Ahead of the UN High Level Dialogue on Energy, over 200 organizations have released a statement urging world leaders to end international public finance for fossil fuels.
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As the first G7 country to make a net zero commitment, talks on whether to approve a new oil field pose a test for the United Kingdom’s climate ambitions.
While the UK talks tough, its agencies have continued to plough public funds into fossil fuels, writes Angela Picciariello.
This study tracks, for the first time, each G20 country's progress on ending support for fossil fuels—ranking their transparency, commitments, and financial support to oil, gas, and coal.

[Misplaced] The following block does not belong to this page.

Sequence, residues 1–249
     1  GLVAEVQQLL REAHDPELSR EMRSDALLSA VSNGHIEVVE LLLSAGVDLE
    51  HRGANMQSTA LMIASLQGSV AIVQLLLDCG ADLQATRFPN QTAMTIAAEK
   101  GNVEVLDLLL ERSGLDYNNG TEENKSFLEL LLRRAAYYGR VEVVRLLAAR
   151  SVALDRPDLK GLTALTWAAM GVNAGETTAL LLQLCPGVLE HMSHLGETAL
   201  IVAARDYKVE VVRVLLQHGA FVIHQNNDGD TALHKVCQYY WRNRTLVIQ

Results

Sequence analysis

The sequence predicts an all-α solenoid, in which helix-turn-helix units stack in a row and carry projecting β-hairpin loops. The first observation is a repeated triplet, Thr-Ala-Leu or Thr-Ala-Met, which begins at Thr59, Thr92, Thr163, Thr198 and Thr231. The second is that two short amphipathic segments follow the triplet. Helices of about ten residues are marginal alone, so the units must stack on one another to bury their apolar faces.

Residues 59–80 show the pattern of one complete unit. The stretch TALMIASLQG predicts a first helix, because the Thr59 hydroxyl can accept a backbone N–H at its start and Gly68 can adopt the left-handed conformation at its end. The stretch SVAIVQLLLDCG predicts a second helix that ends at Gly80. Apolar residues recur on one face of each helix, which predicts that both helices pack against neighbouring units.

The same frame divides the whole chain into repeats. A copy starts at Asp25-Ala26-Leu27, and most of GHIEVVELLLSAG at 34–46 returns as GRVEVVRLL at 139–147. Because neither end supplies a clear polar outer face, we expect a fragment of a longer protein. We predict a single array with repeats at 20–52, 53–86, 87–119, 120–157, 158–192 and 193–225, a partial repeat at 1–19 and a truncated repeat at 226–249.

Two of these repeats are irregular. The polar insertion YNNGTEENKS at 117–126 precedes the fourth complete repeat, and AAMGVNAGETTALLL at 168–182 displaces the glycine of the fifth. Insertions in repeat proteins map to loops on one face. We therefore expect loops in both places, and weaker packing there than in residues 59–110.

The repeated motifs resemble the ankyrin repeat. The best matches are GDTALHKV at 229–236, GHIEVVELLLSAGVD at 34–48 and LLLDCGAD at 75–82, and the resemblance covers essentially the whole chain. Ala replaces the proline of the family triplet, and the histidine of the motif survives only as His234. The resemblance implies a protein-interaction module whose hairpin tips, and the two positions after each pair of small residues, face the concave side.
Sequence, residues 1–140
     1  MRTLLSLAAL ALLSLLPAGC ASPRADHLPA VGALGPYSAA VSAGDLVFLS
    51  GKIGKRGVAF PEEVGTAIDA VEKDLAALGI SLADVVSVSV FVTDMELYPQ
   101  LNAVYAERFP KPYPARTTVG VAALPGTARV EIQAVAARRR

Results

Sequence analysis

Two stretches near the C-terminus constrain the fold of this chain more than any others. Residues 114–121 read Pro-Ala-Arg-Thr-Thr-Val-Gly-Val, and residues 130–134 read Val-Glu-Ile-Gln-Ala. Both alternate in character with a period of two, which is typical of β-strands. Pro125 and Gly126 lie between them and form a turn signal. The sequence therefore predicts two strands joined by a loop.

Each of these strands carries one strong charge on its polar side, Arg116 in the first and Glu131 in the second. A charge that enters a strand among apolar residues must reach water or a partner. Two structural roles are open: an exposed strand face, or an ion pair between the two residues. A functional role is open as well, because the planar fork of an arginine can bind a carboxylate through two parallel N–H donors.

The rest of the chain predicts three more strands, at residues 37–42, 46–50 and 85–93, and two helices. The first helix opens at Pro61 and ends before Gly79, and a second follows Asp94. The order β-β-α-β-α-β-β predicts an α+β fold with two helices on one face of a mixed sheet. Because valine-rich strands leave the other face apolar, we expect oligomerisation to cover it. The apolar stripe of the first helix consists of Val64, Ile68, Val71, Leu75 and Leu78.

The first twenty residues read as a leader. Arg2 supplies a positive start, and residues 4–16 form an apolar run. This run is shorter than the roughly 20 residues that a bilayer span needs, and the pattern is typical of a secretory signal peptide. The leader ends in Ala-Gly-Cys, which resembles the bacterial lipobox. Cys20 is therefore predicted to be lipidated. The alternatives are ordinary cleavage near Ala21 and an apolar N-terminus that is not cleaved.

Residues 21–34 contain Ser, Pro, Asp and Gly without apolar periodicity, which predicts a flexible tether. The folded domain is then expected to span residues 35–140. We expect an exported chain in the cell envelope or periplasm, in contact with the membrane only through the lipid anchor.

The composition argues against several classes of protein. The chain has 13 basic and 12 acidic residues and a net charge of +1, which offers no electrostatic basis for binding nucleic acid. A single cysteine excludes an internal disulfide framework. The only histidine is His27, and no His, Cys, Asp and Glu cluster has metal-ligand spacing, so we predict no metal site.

The G20 scorecard report aims to track each of the G20 countries' progress in ending government support to fossil fuels. See the United Kingdom's overall ranking and score.
In liberalizing the trade of dozens of environmental goods, the U.K. signals its commitment to tackling climate change. But is this enough?
An online one-stop shop is a great opportunity for sustainable procurement, but the Yorkshire–Amazon example holds some cautionary notes.
PM Theresa May has offered to help wean Saudi Arabia off oil, but her government’s subsidies to North Sea producers are a poor model for the Middle East petrostate.
As the UK Government considers whether to proceed with Hinkley Point C—a proposed nuclear power plant—it should weigh the full cost of the project to the public purse. By our calculation the subsidies are likely to be at least £40 billion.
A review of planned subsidies to the proposed Hinkley Point C nuclear power plant in the United Kingdom.